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Nobel laureate George Akerlof (1940– ) examined the market for used cars and considered a situation known as the market for lemonsA model where sellers are better informed about quality than buyers., where the sellers are better informed than the buyers. This is quite reasonable because sellers have owned the car for a while and are likely to know its quirks and potential problems. Akerlof showed that this differential information may cause the used car market to collapse; that is, the information possessed by sellers of used cars destroys the market and the opportunities for profitable exchange.
To understand Akerlof’s insight, suppose that the quality of used cars lies on a 0 to 1 scale and that the population of used cars is uniformly distributed on the interval from 0 to 1. In addition, let that quality represent the value a seller places on the car, and suppose buyers put a value that is 50% higher than the seller. Finally, the seller knows the actual quality, while the buyer does not.
Can a buyer and seller trade in such a situation? First, note that trade is a good thing because the buyer values the car more than the seller. That is, both the buyer and seller know that they should trade. But can they agree on a price? Consider a price p. At this price, any seller who values the car less than p will be willing to trade. But because of our uniform distribution assumption, this means the distribution of qualities of cars offered for trade at price p will be uniform on the interval 0 to p. Consequently, the average quality of these cars will be ½ p, and the buyer values these cars 50% more, which yields ¾ p. Thus, the buyer is not willing to pay the price p for the average car offered at price p.
The effect of the informed seller and uninformed buyer produces a “lemons” problem. At any given price, all the lemons and only a few of the good cars are offered, and the buyer—not knowing the quality of the car—isn’t willing to pay as much as the actual value of a high-value car offered for sale. This causes the market to collapse; and only the worthless cars trade at a price around zero. Economists call this situation, where some parties have information that others do not, an informational asymmetrySituation in which some parties have information that others do not..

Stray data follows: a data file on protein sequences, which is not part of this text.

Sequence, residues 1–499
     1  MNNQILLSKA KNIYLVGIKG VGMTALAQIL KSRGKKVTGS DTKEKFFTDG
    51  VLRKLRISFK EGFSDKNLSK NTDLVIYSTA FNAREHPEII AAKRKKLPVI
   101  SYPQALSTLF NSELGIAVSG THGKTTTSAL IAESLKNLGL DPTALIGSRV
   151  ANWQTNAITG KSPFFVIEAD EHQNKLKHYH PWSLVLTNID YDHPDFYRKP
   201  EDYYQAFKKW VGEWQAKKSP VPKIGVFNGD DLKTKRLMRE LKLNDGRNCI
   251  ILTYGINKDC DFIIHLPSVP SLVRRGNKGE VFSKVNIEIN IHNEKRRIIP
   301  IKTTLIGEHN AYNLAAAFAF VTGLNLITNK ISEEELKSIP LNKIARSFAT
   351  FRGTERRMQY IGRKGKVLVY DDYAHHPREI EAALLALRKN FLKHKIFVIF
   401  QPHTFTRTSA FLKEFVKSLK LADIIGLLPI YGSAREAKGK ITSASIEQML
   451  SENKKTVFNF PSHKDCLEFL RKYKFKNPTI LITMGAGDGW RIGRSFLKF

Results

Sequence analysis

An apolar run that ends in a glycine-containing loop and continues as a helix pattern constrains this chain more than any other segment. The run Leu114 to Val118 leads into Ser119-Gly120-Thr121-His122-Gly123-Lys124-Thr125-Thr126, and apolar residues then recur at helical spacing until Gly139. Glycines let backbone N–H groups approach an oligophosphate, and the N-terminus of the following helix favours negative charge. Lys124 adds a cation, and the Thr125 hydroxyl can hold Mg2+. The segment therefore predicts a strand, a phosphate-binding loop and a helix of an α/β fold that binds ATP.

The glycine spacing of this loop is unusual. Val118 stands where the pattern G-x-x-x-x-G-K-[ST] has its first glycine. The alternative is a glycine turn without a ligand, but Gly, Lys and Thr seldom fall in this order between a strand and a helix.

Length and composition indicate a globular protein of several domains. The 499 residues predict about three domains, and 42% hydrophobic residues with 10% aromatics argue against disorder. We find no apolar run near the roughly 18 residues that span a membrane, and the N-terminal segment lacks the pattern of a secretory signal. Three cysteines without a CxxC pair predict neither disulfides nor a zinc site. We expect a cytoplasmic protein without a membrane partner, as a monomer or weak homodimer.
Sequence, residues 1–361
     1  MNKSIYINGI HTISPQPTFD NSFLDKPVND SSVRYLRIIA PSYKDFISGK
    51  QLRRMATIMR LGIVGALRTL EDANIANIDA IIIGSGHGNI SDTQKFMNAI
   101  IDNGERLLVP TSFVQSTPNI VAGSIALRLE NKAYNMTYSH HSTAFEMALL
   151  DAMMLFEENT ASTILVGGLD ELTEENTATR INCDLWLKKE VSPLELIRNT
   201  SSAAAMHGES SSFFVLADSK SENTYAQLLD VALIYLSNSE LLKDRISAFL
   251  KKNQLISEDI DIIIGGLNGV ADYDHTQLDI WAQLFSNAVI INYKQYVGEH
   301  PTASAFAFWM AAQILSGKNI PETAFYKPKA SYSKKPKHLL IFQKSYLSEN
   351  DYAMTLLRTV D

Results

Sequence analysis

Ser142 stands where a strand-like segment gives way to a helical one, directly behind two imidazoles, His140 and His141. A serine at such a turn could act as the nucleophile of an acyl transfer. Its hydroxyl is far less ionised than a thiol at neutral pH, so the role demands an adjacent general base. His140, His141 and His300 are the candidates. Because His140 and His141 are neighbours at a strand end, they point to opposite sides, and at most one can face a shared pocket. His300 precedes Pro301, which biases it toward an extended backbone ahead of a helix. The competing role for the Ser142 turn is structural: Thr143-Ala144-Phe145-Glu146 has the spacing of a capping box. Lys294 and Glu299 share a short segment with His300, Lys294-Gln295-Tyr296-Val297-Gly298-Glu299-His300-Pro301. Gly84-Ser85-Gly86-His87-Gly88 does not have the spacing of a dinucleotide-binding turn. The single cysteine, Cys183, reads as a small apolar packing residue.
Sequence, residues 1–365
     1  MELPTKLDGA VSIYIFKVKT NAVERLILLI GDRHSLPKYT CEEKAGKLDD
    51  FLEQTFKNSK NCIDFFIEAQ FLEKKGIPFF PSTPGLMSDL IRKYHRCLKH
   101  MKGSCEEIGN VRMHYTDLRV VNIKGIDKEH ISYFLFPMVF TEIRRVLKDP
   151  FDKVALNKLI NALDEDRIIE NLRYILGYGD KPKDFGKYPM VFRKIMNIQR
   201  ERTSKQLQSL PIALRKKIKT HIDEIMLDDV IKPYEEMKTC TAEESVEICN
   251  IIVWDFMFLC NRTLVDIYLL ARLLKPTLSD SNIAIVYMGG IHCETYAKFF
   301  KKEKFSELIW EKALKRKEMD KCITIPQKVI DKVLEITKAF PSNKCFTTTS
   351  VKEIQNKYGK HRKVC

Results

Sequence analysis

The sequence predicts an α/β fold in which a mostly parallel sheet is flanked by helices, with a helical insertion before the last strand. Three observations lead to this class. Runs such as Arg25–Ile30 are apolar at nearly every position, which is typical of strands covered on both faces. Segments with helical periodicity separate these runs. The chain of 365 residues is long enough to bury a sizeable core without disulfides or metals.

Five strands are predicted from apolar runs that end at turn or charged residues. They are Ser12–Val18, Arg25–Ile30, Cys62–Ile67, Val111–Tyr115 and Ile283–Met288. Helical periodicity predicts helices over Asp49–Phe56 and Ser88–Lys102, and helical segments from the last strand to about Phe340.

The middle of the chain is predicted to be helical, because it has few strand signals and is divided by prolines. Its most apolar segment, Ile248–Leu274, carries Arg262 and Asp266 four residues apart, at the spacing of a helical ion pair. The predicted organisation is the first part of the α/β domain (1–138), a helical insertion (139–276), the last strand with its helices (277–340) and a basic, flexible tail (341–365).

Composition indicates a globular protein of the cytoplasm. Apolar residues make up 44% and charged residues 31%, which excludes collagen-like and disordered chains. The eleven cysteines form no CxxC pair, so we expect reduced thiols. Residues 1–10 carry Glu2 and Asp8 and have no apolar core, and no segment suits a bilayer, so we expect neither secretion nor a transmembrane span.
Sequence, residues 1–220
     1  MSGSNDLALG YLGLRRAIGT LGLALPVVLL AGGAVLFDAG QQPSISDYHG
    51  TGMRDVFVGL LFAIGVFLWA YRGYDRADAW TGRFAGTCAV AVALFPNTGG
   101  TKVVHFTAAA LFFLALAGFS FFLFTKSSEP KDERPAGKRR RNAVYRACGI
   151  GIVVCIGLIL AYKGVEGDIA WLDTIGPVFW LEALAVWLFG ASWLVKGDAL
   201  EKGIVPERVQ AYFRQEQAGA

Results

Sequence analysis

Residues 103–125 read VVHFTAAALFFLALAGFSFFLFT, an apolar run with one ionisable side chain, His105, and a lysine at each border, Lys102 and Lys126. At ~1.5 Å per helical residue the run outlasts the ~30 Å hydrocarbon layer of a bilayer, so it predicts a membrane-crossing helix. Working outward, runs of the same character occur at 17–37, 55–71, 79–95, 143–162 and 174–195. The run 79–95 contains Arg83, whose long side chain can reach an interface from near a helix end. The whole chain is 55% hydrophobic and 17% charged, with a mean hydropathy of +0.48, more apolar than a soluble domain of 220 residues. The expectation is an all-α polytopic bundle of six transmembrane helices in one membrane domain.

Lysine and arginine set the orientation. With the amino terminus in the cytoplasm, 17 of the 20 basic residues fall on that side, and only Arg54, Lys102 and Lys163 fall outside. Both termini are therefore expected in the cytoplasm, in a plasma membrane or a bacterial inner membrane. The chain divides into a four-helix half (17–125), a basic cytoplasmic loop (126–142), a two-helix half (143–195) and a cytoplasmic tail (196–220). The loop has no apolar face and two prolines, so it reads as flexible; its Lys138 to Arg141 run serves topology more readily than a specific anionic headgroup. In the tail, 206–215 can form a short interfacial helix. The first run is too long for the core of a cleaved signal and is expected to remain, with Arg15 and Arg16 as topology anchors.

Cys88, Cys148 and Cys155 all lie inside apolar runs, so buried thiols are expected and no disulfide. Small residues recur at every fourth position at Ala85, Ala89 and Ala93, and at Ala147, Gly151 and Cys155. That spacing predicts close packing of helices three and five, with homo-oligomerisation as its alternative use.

In the real world, of course, the market has found partial or imperfect solutions to the lemons problem identified by Akerlof. First, buyers can become informed and regularly hire their own mechanic to inspect a car they are considering. Inspections reduce the informational asymmetry but are costly in their own right. Second, intermediaries offer warranties and certification to mitigate the lemons problem. The existence of both of these solutions, which involve costs in their own right, is itself evidence that the lemons problem is a real and significant problem, even though competitive markets find ways to ameliorate the problems.
An important example of the lemons problem is the inventor who creates an idea that is difficult or impossible to patent. Consider an innovation that would reduce the cost of manufacturing computers. The inventor would like to sell it to a computer company, but she or he can’t tell the computer company what the innovation entails prior to price negotiations because then the computer company could just copy the innovation. Similarly, the computer company can’t possibly offer a price for the innovation in advance of knowing what the innovation is. As a result, such innovations usually require the inventor to enter the computer manufacturing business, rather than selling to an existing manufacturer, entailing many otherwise unnecessary costs.